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  • Posted December 5, 2013 by

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    Yemen inducted into WTO

    Director-General Roberto Azevêdo told WTO ministers on 4 December 2013 that he would hold consultations — as urged by a large number of them — in the search for agreement on the set of issues known as the “Bali package”.

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    > Bali Ministerial Conference 2013
    > Briefing notes

    He was speaking at the end of an informal meeting of heads of delegations on the second day of the Bali Ministerial Conference, when ministers also agreed to accept Yemen as a new member — it will officially join the WTO 30 days after it has ratified the membership deal.

    Many of the 55 speakers had urged Mr Azevêdo to work with those members that have serious concerns about the few remaining points that are unresolved, so that the conference can conclude with a deal on trade facilitation (cutting red tape and streamlining customs and port procedures), four agricultural issues and a set of topics on developing and least developed countries.

    Several said a deal has to be struck in Bali for the economic and development benefits of the deal itself and for the credibility of the WTO. Many least-developed and developing countries also said that they would lose if a package is not agreed because of benefits they would gain.

    Many members argued that leaving the deal to be concluded in Geneva after the conference would not work since the sticking points could not be resolved in Geneva in the weeks and months before the conference – the remaining issues are political and need ministers’ direct input, they said.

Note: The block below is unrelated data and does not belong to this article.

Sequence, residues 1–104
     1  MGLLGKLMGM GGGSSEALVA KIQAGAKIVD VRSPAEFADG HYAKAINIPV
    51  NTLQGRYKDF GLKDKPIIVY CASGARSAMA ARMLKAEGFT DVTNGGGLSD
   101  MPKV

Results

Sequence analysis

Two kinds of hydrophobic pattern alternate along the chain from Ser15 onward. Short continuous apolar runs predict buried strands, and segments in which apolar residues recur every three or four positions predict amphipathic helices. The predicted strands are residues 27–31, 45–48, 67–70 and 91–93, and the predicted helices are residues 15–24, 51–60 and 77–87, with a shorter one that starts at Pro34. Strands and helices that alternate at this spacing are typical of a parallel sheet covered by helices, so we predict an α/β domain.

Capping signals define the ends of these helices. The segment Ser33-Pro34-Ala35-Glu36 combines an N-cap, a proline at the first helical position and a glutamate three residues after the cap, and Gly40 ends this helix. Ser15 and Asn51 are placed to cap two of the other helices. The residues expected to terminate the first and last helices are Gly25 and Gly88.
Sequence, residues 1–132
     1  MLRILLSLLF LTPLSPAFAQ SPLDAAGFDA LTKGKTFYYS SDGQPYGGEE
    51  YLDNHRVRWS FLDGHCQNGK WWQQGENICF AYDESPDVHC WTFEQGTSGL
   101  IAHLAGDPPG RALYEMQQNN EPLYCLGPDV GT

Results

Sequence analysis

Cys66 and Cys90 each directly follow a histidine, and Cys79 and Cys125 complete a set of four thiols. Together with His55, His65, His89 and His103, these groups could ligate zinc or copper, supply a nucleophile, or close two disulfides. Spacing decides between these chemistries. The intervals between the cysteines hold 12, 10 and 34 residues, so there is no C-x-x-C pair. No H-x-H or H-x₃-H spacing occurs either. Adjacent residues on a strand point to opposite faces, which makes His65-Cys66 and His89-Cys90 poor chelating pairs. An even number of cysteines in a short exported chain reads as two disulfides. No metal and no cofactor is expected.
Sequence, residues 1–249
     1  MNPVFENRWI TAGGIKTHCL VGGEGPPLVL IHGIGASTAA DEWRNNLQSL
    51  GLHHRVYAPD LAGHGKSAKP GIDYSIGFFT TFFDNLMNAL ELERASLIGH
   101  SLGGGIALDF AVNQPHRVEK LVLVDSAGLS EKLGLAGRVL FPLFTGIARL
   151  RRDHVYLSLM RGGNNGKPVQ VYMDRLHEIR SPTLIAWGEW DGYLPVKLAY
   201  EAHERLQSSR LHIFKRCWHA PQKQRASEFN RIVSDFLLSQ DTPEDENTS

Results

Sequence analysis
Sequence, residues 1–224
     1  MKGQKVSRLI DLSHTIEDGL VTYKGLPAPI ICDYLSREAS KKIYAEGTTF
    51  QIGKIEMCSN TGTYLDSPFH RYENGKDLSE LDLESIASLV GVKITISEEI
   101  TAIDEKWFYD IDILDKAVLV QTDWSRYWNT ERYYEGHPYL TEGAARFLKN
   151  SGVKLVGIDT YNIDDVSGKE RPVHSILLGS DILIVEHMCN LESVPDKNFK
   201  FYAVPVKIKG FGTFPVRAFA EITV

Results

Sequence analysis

Some members reminded Mr Azevêdo that he had said the conference would not be for negotiation. They said negotiations should be fully transparent, with all members involved and no talks in small groups. If that does not produce agreement then the conference should agree on issues for least developed countries, with the other topics negotiated later.

    Some also called the package “imbalanced”, in their view because the proposed trade facilitation deal would require developing countries to make commitments while the proposed agreements on agriculture and development would be promises that countries would do their best, but falling short of legal commitments.

    Others called for flexibility so that agreement can be reached. “We can do this job here and now, so let’s do it,” said one. Several said that the work after Bali should focus on concluding the rest of the Doha Round negotiations.

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